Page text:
FREE SHIPPING ON ALL ORDERS!

What Are The Sky Glue Ingredients?

Nowadays it’s the norm to question what exactly we’re eating and drinking. We understand that what we put inside us affects the way that we look and feel and, for the most part, those are things that we really care about.
 
However, when it comes to beauty products, it seems that we’re willing to stretch the boundaries a little more. It appears that some people are going the extra mile to keep their youthful looks, even if that means ingesting or applying potentially harmful substances to their bodies.
 
Within the lash community there’s often debates around whether the eyelash extension adhesives used are safe or not. In this post, we’re going to take a look at what exactly the ingredients of Sky Glue are, what they do, and whether or not they are safe to use.

What Are The Sky Glue Ingredients?

Let’s list them out and then go into more detail about what each of them do below.

Sky Glue Ingredients

Ethyl Cyanoacrylate

Ethyl Cyanoacrylate is the main ingredient in all professional eyelash glues, in fact it’s the basis of almost all quick drying adhesives. So when someone says “this lash glue smells suspiciously like nail glue” – well, they’re spot on because it’s made from exactly the same base ingredient!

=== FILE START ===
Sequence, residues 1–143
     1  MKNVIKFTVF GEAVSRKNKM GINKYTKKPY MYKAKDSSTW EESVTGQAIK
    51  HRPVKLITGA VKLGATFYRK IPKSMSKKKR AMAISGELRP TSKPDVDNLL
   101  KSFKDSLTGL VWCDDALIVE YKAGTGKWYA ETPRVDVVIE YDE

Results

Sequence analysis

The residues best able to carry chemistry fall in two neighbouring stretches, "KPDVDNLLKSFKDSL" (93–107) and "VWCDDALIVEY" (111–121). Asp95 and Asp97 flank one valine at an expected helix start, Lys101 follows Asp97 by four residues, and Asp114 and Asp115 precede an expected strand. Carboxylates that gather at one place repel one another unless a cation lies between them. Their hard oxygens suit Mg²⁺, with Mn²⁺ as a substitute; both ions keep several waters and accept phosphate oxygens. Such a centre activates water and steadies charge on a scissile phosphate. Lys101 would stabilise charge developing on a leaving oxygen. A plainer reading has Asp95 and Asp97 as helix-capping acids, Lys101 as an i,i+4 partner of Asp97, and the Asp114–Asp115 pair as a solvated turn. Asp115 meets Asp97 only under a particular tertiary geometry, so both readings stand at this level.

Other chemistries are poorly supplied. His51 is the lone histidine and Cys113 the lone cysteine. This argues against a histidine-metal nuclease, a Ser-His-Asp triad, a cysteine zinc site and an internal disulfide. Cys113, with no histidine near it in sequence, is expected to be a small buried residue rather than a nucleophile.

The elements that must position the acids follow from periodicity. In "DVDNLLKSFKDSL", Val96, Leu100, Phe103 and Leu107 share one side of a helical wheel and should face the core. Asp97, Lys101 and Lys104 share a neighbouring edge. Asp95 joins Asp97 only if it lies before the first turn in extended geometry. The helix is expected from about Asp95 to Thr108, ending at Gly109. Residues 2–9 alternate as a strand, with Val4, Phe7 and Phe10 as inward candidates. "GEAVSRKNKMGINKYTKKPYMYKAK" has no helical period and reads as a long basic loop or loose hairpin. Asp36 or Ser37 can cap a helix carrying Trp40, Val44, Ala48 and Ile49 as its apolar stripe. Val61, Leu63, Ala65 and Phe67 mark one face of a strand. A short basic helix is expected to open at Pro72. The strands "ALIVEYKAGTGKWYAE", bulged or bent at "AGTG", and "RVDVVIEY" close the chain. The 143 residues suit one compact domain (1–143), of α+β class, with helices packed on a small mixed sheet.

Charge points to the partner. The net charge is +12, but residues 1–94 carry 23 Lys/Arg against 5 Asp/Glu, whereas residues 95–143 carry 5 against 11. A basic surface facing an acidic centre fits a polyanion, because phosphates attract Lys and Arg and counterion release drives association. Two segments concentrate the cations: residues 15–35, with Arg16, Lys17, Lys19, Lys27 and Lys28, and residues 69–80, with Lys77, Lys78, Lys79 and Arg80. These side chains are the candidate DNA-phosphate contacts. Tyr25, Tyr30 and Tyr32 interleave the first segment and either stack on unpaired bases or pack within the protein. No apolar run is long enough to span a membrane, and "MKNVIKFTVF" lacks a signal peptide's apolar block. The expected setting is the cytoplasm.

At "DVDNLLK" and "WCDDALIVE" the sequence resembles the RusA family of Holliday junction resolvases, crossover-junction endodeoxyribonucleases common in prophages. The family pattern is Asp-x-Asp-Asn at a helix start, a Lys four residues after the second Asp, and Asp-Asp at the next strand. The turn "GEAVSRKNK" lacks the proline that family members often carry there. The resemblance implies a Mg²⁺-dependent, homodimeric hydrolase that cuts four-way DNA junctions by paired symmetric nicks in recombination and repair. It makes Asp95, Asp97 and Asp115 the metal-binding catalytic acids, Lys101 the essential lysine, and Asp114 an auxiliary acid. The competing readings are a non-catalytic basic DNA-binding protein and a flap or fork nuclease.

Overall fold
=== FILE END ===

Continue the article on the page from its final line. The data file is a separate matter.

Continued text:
Without going deep into the science of what this particular chemical is made up of, we can simply say that it is a quick self-hardening solution. It’s what makes the adhesive grab onto lashes and dry almost instantly.

Poly (Methyl Methacrylate) – (PMMA)

Simply put, Poly (Methyl Methacrylate) is the part of the adhesive that forms the long lasting, strong bond – it’s what’s responsible for your super long retention.

So when you mix Ethyl Cyanoacrylate with Poly (Methyl Methacrylate), you have the two most important aspects of a lash glue covered: the quick drying, instant bond that grabs the lashes and then the long lasting strong holding bond that gives you several weeks of retention.

Hydroquinone

Hydroquinone is only present in lash adhesives in tiny amounts, and yet it serves an important purpose – that is to prevent the glue from polymerizing (curing) inside the bottle. It’s what keeps your glue from drying/hardening, before you’ve had a chance to use it.

Carbon Black

Carbon Black is what’s responsible for the deep black color of the adhesive. Obviously, this ingredient is only included in black adhesives and it’s not present in clear glues.

Are The Ingredients Safe?

There are official reports in both the UK and the US that confirm that the use of Ethyl Cyanoacrylate (the main ingredient) is safe and that additional studies are not necessary.

The US Cosmetics Database also states that Poly (Methyl Methacrylate) is safe to use, and it is rated a low hazard ingredient – no problems there then!

In large amounts, hydroquinone can be used to lighten blemishes such as scars on the skin. The FDA have not done any carcinogenic tests on humans so they have not formed an opinion on how dangerous it is to us, however some research suggests that applying significant amounts of it directly to the skin may cause problems. However, putting this aside, in lash adhesives it is present in such a tiny amount (less than 0.1%), and it’s not applied directly to the skin, so there’s absolutely nothing to worry about.